“When she appeared at the dining room entrance presently, she was hatless, and he was surprised at how much the hat had been able to do for her. There was something flat about her. The light had gone out; the impact of her personality was soggy, limp. She was just some woman in black, with dark brown hair; something that blocked the background, that was all. Not homely, not pretty, not tall, not small, not chic, not dowdy… just colorless, just a common denominator of all feminine figures everywhere. A cipher. A composite. It was only in the foyer that she finally put her hat on again. And at once she came alive, she was something, somebody, again.” –Phantom Lady (1942) by Cornell Woolrich
Siodmak’s breakthrough in Hollywood, Phantom Lady (1944) would also represent one of Cornell Woolrich’s most identifying and defining writings in his homonymous novel (penned in 1942 under the pseudonym “William Irish”). Translated through an uneven screenplay by Bernard C. Schoenfeld (co-writer of The Dark Corner and Caged), Woolrich’s story revolved around a beautiful and loyal secretary (Carol ‘Kansas’ Richman, played by Ella Raines) trying to absolve her boss of the charge of his wife’s murder brought against him. The first part of the film narrates how Scott Henderson (an engineer played by Alan Curtis) fails to reconnect with his only alibi: a mysterious lady (Ann Terry, played by Fay Helm) with whom he had spent the night after a bitter argument with his wife. The film’s explicit working title was Condemned to Hang and was released in USA on January 28, 1944 (just two months before another noir masterpiece sourced in crime fiction: Double Indemnity).
The most impressive similarity with Woolrich’s novel is the emphasis on Carol (encouraged by producer Joan Harrison, a former assistant of Hitchcock who defined herself as a ‘thwarted writer’), and her multiple transformations throughout the tense and turbulent plot. She oscillates between the dutiful stenographer (secretly in love with her boss), a vengeaful Gorgoneia and a ‘hep kitten’ floozie. Ella Raines becomes the absolute moral center, mesmerizing us and the rest of the characters with her resplendent orbs and sharp sleuthing skills. Despite not having received great appraisal at the time, Ella Raines renders the most interesting portrayal of her underrated career by becoming an unassailable noir heroine.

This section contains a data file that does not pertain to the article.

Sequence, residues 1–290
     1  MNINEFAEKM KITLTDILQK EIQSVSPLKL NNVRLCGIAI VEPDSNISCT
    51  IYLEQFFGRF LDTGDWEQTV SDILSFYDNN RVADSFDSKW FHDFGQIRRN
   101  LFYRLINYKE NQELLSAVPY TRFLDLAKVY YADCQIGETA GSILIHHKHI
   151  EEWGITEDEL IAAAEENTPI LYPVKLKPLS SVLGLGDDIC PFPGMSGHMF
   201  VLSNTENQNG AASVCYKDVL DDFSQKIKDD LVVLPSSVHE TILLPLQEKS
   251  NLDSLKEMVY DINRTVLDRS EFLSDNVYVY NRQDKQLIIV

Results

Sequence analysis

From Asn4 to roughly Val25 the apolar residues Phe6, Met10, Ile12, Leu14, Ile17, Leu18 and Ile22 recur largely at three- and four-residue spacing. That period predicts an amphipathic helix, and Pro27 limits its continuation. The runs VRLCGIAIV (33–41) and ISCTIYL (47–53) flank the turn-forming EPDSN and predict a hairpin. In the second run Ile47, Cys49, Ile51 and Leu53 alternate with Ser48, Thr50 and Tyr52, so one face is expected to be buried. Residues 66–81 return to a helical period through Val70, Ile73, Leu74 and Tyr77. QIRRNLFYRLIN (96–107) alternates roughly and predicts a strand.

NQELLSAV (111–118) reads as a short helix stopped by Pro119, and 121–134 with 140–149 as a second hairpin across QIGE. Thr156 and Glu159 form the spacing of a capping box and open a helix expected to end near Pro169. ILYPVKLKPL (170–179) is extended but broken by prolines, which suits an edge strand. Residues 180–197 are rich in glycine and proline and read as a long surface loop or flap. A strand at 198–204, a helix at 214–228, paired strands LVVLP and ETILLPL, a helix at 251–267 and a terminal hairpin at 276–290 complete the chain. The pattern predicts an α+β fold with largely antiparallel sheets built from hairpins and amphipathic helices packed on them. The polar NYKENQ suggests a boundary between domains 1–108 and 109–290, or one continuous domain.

A remarkable departure from the novel is the dandified figure of the villain, Jack Marlow (Franchot Tone), who wouldn’t appear for the first 45 minutes. Tone approached this “psychopatic intellectual” by documenting his role attending sessions with a psychiatrist in Beverly Hills. His is one of the most memorable maniacs on film, due to the exquisitely amoral performance elicited by Tone, specially harrowing during his last scene with Raines. Tone’s character feels that the sense of stable hierarchy has become increasingly exhausted in the Big City, without clear rules to abide by. This polluted urban honeycomb and their inhabitants’ scattered emotions lead Marlow to suffer migraines, nervous tics and eventually rabid madness, although he will deny suffering from any mental disorder, since he is utterly incapable of recognizing a madman when he’s looking at his reflection in the mirror.
Henderson’s wife “was not in love with anyone but herself. She was the type that likes to flirt and string people along. She let him arrange his whole future around her, knowing darn well she wasn’t going to be there to share it with him. She let him sign on for five years with this oil company in South America.” Marlow discloses to Carol his clandestine love affair with his best friend’s wife : “I never liked cities. The noise, confusion, the dirt. They hate me because I’m different from them. I don’t belong here. Neither do you. You should have never come to New York. Never met Scott. The world’s full of men like him! You can buy nice stupid people a dime a dozen! Never allowed myself to love anybody before. I was always naïve about women.”
The filthy aspects from the city’s underground are faithfully captured in the drum solo scene, brillianty delivered by Elisha Cook Jr. (Cliff), his syncopated lust for Carol/Jeannie projecting a radical antagonism to Marlow’s brainy sublimity. In the novel, Carol briefly escapes the intoxicating jazz dive: “the open air made her almost light-headed, it was so cool and rare and crystal clear after that fever chamber. She thought she’d never breathed anything so sweet and pure before. She leaned there against the side of the building, drinking it in, her cheek pressed to the wall like someone prostrated.”
Woolrich’s poetic lines (“An up and down intersection glided by beneath him like a slightly depressed asphalt stream bed”) were matched or even surpassed by Siodmak’s translucent lighting and spectral atmosphere. The coveted orange hat featuring a sequined double bird appliqué (an exclusive designed which is copied by the titular Phantom Lady) is equally transfixing in the film context as it was conjured on page, symbolizing a vain attempt to control our vagrant fates. Siodmak, who came from the Weimar cinema and had been censored in Germany for his occasionally racy mise en scène, wisely juxtaposed his masterly angled compositions (helped by cinematographer Woody Bredell) to Nietzschean paranoid ideas permeating Marlow’s speech, creating a disconcertingly frightening effect in the viewer as a result.
This is one of the most delightfully perturbing entries from Siodmak’s genial ouvre, available in DVD since last year. Highly recommended, not only for the fans of the noir genre, but also for those admirers of German expressionism and inspired literary adaptations.Powered by Sidelines